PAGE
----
Pre-65 Motocross Club extra event
Electric bikes debut at the 2011
Red Marley Hill Climb

New rocker book from Mick Duckworth
Welcome to The Manor Cafe
Bristol cars go in administration
Battistinis Retro Revival
Steve McQueen bounds back on the big screen
1938 350cc Excelsior Manxman
sells for £26,640



February 2011 Classic bike news

Dave Degens at South of England Ardingly Classic Bike Show

Vinnielonglegs under the hammer

50 years of the Welsh Dragon Rally

Charge warning light driver

Round Kurland Latvian Rally

Mike Hailwood Memorial Run

Triumph Tiger 90 register

Crash Card launched at the Ace Cafe

VMCC raffles a T160 Triumph Trident for 2011

Harley-Davidson Sportster Custom

KLN 804, where are you?

Douglas: Light aero engines from Kingswood
to Cathcart

Bonhams' Paris Grand Palais
Auction draws near...

£144 Lucas ammeter on eBay. Sold!

BSA Golden Flash eBook from Sump

January 2011 Classic bike news

Record sales for Rolls Royce

1942 Royal Enfield WD/CO for sale on eBay

WW2 Waltham watch for sale

Steve McQueen Husqvarna for sale at Bonhams

New Royal Enfield V-twin denied

Carbon fibre T140/T120 frame

BSA-Indian bobber on eBay

VAT rise hides dealer price hike

Meriden blockade stepped up

Ealing to boot bikes from bus lanes?

Harley-Davidson share price rise

New Norvil Catalogue

Triumph leading UK big bike sales

Rare Megola heading for Bonhams' Grand Palais Paris auction

Draganfly John Bull knee grips & toolboxes

Hildebrand & Wolfmüller sells for a record $161,000 at Las Vegas

BSA Golden Flash eBook from Sump


December 2010 Classic bike news

$15,000 tin toys auctioned

Captain Beefheart 1941-2010

Two old Texans head for Bonhams' big one

Two more HD dealers hit the skids

Prince Charles: "I hate motorbikes"

1925 Brough Superior prototype set to smash marque auction record

Police supt changes speeding plea

UK blocks Euro wide motoring fines plan

"Select" MPs call for new drink driving purge

New old stock US container bonanza from Burton Bike Bits

US Government bailed out Harley with $2.3billion

April ‘Real Classic’ Malvern Classic Bike Show date change

Calling Panther owners...

Eight Vincents on offer at Bonham's 1st Las Vegas sale

Simulated riding research "shock"



November 2010 Classic bike news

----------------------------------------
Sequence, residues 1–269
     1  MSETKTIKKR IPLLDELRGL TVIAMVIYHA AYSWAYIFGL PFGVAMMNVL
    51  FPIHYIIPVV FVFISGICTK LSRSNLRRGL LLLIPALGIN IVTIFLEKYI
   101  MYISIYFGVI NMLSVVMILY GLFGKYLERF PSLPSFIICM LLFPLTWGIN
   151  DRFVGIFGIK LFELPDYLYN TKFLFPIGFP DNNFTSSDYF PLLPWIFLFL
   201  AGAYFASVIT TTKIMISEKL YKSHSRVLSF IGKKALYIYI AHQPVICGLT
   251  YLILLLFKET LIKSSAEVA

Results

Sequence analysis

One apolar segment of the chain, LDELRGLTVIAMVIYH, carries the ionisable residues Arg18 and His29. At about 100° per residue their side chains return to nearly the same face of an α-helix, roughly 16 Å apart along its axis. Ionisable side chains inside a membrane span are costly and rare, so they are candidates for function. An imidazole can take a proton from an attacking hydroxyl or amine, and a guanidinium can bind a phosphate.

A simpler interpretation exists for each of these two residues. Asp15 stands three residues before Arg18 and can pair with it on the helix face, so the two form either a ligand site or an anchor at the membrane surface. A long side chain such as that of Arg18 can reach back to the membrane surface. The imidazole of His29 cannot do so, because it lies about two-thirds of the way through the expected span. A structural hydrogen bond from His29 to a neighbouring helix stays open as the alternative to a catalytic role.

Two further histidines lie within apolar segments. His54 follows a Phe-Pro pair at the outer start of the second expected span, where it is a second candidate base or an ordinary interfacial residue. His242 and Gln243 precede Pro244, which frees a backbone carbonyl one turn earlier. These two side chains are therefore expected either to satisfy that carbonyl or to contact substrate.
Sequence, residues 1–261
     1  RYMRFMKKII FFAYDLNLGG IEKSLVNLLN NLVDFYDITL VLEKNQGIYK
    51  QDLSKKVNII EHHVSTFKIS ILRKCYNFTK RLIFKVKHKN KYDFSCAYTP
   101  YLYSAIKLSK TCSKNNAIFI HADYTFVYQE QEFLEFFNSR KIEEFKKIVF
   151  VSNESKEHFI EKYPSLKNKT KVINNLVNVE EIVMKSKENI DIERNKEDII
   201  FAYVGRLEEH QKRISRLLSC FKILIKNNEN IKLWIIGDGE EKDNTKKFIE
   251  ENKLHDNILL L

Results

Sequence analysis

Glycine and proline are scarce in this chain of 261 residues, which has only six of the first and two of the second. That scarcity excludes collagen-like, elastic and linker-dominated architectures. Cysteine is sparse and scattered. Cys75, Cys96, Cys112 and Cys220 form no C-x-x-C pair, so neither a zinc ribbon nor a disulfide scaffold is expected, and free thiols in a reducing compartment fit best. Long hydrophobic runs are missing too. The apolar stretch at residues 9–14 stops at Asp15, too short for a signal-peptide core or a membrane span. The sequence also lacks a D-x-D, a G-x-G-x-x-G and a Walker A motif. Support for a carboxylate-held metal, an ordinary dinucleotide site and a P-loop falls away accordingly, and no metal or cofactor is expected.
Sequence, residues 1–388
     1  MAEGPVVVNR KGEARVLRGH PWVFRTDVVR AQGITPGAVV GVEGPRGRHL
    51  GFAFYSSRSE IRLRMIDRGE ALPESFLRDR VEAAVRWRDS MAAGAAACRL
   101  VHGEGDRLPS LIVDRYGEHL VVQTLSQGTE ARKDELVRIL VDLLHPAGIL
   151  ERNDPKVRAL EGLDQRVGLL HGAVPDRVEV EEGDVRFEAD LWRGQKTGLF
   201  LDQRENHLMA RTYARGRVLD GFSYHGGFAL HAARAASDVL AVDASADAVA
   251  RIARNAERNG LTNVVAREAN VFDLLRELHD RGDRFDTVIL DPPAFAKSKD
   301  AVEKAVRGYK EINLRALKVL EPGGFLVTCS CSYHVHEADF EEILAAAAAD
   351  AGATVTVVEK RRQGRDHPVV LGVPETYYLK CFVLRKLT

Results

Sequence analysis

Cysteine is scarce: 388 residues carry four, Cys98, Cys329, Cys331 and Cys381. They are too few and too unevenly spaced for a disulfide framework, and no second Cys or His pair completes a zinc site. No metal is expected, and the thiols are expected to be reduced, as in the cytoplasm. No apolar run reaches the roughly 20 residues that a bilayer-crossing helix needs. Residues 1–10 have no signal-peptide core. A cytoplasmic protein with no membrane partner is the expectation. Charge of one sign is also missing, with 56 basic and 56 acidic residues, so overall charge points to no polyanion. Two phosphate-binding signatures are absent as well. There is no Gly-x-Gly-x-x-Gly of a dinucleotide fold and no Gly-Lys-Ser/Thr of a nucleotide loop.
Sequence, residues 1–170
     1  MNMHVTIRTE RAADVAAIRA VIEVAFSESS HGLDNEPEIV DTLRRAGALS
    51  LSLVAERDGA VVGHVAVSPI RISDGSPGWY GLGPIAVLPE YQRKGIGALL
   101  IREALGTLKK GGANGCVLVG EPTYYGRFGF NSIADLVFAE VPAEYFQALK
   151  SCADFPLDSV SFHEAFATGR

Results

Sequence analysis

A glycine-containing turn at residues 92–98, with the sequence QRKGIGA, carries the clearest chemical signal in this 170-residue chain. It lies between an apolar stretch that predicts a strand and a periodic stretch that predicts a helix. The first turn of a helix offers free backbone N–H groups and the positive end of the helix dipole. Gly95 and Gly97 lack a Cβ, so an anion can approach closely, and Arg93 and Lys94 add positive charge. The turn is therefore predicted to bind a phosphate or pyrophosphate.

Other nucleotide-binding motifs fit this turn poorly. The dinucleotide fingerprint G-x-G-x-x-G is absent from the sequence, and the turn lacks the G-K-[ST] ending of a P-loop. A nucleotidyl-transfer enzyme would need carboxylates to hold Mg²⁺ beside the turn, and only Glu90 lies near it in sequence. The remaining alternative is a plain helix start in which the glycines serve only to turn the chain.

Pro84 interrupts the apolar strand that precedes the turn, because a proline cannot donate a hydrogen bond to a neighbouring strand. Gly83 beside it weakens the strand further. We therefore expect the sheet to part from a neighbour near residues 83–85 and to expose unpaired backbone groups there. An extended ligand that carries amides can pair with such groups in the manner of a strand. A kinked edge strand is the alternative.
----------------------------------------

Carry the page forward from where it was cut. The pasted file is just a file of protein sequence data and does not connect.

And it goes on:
Penning's Triumph?

Royal Enfield Fury set to launch

Roberto Rossi Rivale Bonneville

Amazing key fob camera

White line warnings

1926 Indian Scout tops Bonhams'
18th Harrogate sale

Zero emissions racer hits cyclist

Fall in London bus driver assaults

120,000 tons of Aussie salt on the way

Off duty New York cop shoots bike thief

Rare AMC Rickman Métisse auction

1929 Scott 3-speed Flyer TT Replica

Michelin wants its windows back, please

5p off Shell V-Power—for one day only

Stolen bike recovery rate falling

Accident Exchange

Royal Enfield and Watsonian Squire
are flying again

Bike theft risk

Douglas: The Complete Story

High level Hinckley Bonnie exhausts

The end for Pontiac

Oxford speed cameras back in the frame

Bonhams to auction rare Hildebrand
and Wolfmuller

Norvin cafe racer from Sump Magazine

October 2010 Classic bike news

Low sun warning from the IAM

"Plain clothed" traffic wardens

100,000 anti terror suspects stopped in 2009: zero arrests

Bud Ekins memorabilia auction

Brough Superior makes a record £286,000

Triumph 675R Daytona tank badge intrigue

Philip Hammond criticised over insensitive
suicide remarks

EC rejects ABS "switch off" option

100 Years of AA Ireland stamp issued

Norman Hyde triple pistons

Norvin cafe racer auction result

Quarter of a million pound Brough?

Dave Aldana's Rocket for sale

Andy Tiernan Air Ambulance calendar

Big UK freeze on the way

Helmut Fath's URS outfit sells for
£102,700 at Stafford

New sliding gear for BA or BAP gearboxes

Triumph Trident and BSA Rocket Three oil pumps from Hyde

AJS 7R & Matchless G50 looking for £25-£28k & £28k-32k, respectively

Triumph Tiger XC images released

2011 Adventure Travel Film Festival

Keis bodywarmer

Eric Patterson at the Ardingly Show

Motorcycle Action Group organising
mass lobby of Parliament

Tom Swallow James Comet for sale

Mayor Johnson launches
motorcycle safety campaign

Sussex Police on TV

2011 ABS Triumph Speed Triple

Bonham's £12,000-£16,000
1939 Triumph Tiger 100

Norman Wisdom 1915-2010

New driving test rules take effect

125p per litre petrol soon?

New Rocker culture book

Legendary 100 Club set to close

Cycle lobby to challenge motorcycle
bus lane access

M4 bus lane now open to cars